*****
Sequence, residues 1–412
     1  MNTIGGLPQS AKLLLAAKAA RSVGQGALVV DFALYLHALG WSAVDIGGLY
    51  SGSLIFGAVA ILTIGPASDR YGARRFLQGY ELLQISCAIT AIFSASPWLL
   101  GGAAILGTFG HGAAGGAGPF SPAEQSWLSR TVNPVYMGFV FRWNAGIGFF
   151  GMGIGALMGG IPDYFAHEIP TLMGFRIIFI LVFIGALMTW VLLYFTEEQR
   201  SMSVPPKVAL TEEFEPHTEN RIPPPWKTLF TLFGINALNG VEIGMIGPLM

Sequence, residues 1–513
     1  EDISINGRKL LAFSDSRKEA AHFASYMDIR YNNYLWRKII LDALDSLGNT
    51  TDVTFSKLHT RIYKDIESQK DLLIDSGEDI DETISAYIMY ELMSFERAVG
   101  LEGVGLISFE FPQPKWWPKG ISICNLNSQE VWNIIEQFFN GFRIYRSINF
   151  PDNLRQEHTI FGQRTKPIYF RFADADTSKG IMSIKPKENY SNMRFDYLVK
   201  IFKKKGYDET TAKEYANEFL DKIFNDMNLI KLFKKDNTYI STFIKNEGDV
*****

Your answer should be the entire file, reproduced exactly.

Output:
Sequence, residues 1–412
     1  MNTIGGLPQS AKLLLAAKAA RSVGQGALVV DFALYLHALG WSAVDIGGLY
    51  SGSLIFGAVA ILTIGPASDR YGARRFLQGY ELLQISCAIT AIFSASPWLL
   101  GGAAILGTFG HGAAGGAGPF SPAEQSWLSR TVNPVYMGFV FRWNAGIGFF
   151  GMGIGALMGG IPDYFAHEIP TLMGFRIIFI LVFIGALMTW VLLYFTEEQR
   201  SMSVPPKVAL TEEFEPHTEN RIPPPWKTLF TLFGINALNG VEIGMIGPLM

Sequence, residues 1–513
     1  EDISINGRKL LAFSDSRKEA AHFASYMDIR YNNYLWRKII LDALDSLGNT
    51  TDVTFSKLHT RIYKDIESQK DLLIDSGEDI DETISAYIMY ELMSFERAVG
   101  LEGVGLISFE FPQPKWWPKG ISICNLNSQE VWNIIEQFFN GFRIYRSINF
   151  PDNLRQEHTI FGQRTKPIYF RFADADTSKG IMSIKPKENY SNMRFDYLVK
   201  IFKKKGYDET TAKEYANEFL DKIFNDMNLI KLFKKDNTYI STFIKNEGDV